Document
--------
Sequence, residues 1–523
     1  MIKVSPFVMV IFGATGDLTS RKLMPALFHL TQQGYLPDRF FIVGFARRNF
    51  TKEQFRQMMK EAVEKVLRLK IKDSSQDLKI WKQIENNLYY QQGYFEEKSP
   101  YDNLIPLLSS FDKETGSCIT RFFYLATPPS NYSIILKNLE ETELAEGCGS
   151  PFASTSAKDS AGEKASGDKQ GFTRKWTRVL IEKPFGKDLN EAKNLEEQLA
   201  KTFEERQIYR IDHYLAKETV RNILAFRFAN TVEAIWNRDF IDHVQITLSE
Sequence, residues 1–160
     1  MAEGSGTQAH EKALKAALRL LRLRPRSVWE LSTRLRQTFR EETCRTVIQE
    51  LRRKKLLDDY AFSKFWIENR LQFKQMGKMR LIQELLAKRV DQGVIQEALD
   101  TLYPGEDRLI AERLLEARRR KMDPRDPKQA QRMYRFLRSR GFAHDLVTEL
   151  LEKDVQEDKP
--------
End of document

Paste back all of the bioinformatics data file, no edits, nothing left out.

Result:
Sequence, residues 1–523
     1  MIKVSPFVMV IFGATGDLTS RKLMPALFHL TQQGYLPDRF FIVGFARRNF
    51  TKEQFRQMMK EAVEKVLRLK IKDSSQDLKI WKQIENNLYY QQGYFEEKSP
   101  YDNLIPLLSS FDKETGSCIT RFFYLATPPS NYSIILKNLE ETELAEGCGS
   151  PFASTSAKDS AGEKASGDKQ GFTRKWTRVL IEKPFGKDLN EAKNLEEQLA
   201  KTFEERQIYR IDHYLAKETV RNILAFRFAN TVEAIWNRDF IDHVQITLSE
Sequence, residues 1–160
     1  MAEGSGTQAH EKALKAALRL LRLRPRSVWE LSTRLRQTFR EETCRTVIQE
    51  LRRKKLLDDY AFSKFWIENR LQFKQMGKMR LIQELLAKRV DQGVIQEALD
   101  TLYPGEDRLI AERLLEARRR KMDPRDPKQA QRMYRFLRSR GFAHDLVTEL
   151  LEKDVQEDKP